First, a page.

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Samuel James Ervin, IV
People’s Alliance PAC 2014 Questionnaire
for North Carolina Appellate Division Judicial Candid...
2 
 
Response
I would not describe myself as either a liberal or a conservative judge (and, in fact, am
not entirely sure ...
3 
 
of the Administrative Committee, and Chair of the Nominating Committee. I am also currently a
member of the American ...
4 
 
I was a defendant in a civil action brought by a former client named Harry James Fowler
in the United States District...
5 
 
Response
I have been responsible for the drafting of more than 475 opinions since taking office as a
member of the Co...
6 
 
sentenced to death on direct appeal and in postconviction proceedings. Although I did receive
payment for my services...
7 
 
other laws) have been made in a discriminatory manner and to carefully consider any assertions
that impermissible rac...
8 
 
except to say that I can fairly and impartially apply the applicable provisions of state and federal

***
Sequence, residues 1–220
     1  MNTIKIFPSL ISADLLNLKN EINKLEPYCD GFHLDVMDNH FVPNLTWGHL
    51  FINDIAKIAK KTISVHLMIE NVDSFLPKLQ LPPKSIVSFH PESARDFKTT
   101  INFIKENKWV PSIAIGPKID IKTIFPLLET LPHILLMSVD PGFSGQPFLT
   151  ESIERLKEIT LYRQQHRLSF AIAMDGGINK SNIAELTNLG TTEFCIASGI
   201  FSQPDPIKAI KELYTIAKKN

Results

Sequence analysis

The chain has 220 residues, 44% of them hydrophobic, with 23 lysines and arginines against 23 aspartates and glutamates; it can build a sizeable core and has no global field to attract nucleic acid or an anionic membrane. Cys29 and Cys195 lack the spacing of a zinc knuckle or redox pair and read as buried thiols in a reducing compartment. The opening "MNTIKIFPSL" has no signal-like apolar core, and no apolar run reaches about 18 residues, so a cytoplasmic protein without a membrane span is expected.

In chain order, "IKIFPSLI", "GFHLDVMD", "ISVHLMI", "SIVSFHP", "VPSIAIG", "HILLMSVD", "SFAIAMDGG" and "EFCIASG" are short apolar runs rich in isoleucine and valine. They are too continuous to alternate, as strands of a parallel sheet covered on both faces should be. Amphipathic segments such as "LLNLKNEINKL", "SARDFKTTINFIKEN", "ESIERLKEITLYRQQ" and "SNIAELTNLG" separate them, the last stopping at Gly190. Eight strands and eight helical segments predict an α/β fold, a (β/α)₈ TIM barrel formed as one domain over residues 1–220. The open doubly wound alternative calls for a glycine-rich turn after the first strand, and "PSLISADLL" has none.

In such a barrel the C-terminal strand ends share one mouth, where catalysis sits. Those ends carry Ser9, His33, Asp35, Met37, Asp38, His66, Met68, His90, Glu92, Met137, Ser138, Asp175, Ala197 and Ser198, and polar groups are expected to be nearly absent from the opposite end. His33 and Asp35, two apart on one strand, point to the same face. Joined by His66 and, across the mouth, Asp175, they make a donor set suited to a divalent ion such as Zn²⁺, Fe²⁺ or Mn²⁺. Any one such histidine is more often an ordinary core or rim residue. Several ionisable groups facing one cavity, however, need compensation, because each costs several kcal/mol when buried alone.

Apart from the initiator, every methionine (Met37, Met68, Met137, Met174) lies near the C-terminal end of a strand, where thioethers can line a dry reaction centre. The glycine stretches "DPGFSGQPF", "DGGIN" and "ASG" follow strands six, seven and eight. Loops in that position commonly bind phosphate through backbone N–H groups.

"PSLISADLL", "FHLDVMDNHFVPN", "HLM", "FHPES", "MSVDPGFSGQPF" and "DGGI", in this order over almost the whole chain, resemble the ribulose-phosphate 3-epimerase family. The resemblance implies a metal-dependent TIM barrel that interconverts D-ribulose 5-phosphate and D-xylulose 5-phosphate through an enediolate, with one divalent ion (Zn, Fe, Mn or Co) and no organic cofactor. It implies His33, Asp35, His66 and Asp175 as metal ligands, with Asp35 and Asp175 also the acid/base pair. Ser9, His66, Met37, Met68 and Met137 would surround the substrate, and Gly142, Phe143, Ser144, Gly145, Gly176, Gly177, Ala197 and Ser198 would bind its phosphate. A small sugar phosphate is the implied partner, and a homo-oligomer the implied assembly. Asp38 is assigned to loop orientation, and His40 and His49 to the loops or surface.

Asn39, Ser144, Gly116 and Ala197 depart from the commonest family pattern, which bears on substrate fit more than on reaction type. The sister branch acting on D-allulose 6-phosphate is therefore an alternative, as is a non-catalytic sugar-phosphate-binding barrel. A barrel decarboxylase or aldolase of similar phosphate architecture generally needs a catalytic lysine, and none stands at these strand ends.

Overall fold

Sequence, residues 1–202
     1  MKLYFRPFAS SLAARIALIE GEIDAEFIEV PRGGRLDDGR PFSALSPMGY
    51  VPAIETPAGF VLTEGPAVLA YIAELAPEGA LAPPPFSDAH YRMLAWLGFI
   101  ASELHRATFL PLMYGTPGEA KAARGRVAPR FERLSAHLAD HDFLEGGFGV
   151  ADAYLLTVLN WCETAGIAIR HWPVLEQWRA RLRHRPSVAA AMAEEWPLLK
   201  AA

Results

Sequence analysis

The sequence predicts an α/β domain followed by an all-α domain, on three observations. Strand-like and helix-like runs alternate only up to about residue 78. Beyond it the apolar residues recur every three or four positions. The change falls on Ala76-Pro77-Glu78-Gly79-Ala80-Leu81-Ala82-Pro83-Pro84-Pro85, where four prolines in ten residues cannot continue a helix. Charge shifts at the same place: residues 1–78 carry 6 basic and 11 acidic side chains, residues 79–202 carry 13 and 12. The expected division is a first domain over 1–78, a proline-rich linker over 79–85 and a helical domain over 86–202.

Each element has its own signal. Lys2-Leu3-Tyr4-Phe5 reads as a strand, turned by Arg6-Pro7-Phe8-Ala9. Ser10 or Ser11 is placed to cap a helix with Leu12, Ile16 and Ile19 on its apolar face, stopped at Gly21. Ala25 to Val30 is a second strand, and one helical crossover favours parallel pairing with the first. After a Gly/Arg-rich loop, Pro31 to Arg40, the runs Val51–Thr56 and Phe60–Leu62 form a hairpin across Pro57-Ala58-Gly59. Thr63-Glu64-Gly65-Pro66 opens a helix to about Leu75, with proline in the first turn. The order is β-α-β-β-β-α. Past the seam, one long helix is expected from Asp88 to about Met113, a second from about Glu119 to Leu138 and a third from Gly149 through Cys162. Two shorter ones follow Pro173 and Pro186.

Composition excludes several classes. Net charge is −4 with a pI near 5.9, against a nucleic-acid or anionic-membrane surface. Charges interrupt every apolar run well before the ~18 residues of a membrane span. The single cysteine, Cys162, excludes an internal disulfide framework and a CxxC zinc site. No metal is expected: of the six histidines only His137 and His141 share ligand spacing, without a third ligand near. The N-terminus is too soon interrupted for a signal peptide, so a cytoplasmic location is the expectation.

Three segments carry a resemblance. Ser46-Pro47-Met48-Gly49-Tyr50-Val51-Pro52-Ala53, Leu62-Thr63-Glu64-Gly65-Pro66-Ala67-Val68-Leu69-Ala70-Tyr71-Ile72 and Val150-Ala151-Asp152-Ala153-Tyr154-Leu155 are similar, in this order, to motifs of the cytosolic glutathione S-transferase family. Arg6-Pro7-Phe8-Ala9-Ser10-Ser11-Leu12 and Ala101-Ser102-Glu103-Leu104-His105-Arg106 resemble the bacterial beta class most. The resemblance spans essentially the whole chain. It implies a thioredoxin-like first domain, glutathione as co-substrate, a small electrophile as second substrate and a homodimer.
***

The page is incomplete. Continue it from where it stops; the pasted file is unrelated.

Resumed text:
law.
16) Has the...
9 
 
Conduct precludes judges and justices from commenting on pending cases and from acting in
any way which might tend to...
10 
 
20) For whom did you vote in the 2008 and 2012 presidential and gubernatorial
elections?
Response
I do not believe, ...
Paid for by Ervin for Supreme Court
Samuel James Ervin, IV
517 Lenoir Street
Morganton, North Carolina 28655
Telephone: (8...
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Samuel J Ervin 2014 PA-PAC Questionnaire

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Samuel J Ervin IV, candidate for NC Supreme Court Associate Justice, 2014 People's Alliance PAC Questionnaire

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Transcript of "Samuel J Ervin 2014 PA-PAC Questionnaire"